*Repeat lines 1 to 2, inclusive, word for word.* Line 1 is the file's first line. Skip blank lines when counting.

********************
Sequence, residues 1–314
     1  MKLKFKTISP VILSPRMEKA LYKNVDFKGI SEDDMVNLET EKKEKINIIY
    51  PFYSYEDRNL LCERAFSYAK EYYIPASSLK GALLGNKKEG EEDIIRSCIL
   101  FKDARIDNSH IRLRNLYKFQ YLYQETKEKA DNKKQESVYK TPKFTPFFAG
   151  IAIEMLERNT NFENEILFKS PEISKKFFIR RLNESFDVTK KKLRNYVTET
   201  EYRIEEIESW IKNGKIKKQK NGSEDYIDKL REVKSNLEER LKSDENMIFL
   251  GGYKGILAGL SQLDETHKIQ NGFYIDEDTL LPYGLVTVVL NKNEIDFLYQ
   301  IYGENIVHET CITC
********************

Sequence, residues 1–314
     1  MKLKFKTISP VILSPRMEKA LYKNVDFKGI SEDDMVNLET EKKEKINIIY